As a young man in New Orleans, Barney Bigard (March 3, 1906 – June 27, 1980) took clarinet lessons with Lorenzo Tio Jr. and Papa Tio. He played the instrument in parades in New Orleans, but first became known as a tenor-saxophonist.
After working with several groups in New Orleans, Bigard moved to Chicago where he played with King Oliver from 1925 until 1927. He would also record with Jelly Roll Morton, Johnny Dodds and Louis Armstrong while in the Windy City.
In 1927, Bigard toured with Oliver, but quit shortly afterwards and played for a little with the Charles Elgar’s Creole Orchestra and Luis Russell Orchestra. Bigard found his niche with Duke Ellington’s Orchestra, where he almost exclusively played clarinet. Between 1927 and 1942 he was featured on many of Ellington‘s classic recordings, including “Mood Indigo”which Bigard co-composed.
When he grew tired of touring and quit the band in 1942, Bigard played with Freddie Slack’s big band, and Kid Ory’s Creole Orchestra. He also appeared in the 1946 film “New Orleans.” In 1947, Bigard joined the Louis Armstrong All-Stars, and constantly toured the world with the group until 1955, when he left the band. He later re-joined the band from 1960-61. He spent 1958-59 with Cozy Cole’s big band.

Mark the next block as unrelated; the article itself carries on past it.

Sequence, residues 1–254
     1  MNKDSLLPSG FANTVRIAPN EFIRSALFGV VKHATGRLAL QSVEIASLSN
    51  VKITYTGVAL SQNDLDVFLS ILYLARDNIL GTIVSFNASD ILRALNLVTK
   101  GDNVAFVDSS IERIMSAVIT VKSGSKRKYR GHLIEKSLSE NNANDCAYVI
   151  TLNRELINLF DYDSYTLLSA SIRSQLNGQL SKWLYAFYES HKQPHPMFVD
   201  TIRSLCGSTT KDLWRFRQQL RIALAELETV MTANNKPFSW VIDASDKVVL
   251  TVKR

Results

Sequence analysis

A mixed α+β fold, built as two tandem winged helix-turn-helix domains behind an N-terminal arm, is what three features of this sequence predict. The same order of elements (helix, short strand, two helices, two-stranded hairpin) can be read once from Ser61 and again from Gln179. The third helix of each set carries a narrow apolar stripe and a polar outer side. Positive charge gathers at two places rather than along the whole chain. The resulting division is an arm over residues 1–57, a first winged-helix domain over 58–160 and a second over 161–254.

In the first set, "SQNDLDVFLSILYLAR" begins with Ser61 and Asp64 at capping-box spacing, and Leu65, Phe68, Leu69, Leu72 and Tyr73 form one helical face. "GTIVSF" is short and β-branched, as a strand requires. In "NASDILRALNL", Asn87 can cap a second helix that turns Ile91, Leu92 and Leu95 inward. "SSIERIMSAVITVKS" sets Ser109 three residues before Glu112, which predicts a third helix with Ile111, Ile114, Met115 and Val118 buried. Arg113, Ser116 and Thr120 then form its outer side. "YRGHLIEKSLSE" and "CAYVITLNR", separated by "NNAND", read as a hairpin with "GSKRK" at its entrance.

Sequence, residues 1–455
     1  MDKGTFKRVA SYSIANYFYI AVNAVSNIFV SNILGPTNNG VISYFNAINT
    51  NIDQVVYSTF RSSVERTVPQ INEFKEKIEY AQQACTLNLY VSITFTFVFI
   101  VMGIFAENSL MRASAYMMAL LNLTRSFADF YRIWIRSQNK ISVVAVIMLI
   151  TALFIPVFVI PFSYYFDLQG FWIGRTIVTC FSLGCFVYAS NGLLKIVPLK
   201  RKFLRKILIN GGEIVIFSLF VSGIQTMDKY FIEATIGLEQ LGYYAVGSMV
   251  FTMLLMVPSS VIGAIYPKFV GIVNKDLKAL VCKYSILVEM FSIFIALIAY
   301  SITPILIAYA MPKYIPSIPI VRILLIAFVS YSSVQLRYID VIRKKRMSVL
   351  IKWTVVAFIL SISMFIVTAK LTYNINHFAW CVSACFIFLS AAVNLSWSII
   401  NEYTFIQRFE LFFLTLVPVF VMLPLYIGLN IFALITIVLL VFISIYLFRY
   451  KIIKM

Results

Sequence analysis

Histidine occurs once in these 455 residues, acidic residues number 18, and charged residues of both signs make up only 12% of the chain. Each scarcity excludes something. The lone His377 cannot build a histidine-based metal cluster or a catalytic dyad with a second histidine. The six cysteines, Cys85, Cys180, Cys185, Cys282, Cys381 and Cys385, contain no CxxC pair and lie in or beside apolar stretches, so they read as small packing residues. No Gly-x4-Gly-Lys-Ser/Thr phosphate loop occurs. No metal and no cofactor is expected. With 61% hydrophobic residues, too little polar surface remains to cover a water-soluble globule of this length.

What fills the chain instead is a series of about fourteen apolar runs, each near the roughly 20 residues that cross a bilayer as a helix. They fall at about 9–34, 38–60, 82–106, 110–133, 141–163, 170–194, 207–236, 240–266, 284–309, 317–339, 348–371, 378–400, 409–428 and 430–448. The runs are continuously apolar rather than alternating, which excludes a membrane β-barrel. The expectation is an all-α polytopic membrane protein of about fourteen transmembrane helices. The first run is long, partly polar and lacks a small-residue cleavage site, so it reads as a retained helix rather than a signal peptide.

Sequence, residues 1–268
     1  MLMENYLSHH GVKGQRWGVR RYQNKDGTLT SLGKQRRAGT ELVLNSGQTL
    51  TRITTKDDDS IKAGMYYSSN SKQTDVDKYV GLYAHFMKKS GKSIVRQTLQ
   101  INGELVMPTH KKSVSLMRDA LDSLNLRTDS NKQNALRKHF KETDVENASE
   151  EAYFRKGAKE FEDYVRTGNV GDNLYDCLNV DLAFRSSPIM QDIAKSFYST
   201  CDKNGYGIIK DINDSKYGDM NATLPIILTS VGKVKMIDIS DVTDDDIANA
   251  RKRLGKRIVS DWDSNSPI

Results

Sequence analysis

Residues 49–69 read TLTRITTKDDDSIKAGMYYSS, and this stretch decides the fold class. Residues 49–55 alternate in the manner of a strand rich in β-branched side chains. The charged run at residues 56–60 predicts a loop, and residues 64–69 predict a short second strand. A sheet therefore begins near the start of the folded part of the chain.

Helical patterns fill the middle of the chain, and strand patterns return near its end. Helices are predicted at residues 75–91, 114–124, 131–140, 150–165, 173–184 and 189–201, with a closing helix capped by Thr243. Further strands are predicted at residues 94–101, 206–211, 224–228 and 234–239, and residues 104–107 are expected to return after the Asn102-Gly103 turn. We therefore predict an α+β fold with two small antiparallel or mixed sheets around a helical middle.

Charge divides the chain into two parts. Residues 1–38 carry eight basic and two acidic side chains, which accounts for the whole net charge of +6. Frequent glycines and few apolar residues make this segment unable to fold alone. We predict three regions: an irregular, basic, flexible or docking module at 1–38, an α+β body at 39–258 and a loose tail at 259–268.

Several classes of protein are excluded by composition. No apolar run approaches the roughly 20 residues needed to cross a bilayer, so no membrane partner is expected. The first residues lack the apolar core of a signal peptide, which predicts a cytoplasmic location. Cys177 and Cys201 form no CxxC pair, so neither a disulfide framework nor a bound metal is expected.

Bigard was semi-retired after 1962, but still played now and then, recording with Earl Hines, and playing in a Johnny St. Cyr’s Dixieland band called the Young Men from New Orleans at Disneyland in Anaheim, California.
|Barney Bigard and his Jazzopators||Barney Bigard and his Orchestra|
|Barney Bigard Sextet||Barney Bigard Trio|
|Barney Bigard Quintet|
|Black And Tan Fantasy||Dudley Murphy||1929|
|Symphony In Black||Fred Waller||1935|
|Hot Chocolate||Josef Berne||1941|
|New Orleans||Arthur Lubin||1947|
|St. Louis Blues||Allen Reisner||1958|
|With Louis And The Duke by Barney Bigard, edited by Barry Martyn, Oxford University Press, 1985|
Redhotjazz.com was a pioneering website during the "Information wants to be Free" era of the 1990s. In that spirit we are recovering the lost data from the now defunct site and sharing it with you.
Most of the music in the archive is in the form of MP3s hosted on Archive.org or the French servers of Jazz-on-line.com where this music is all in the public domain.
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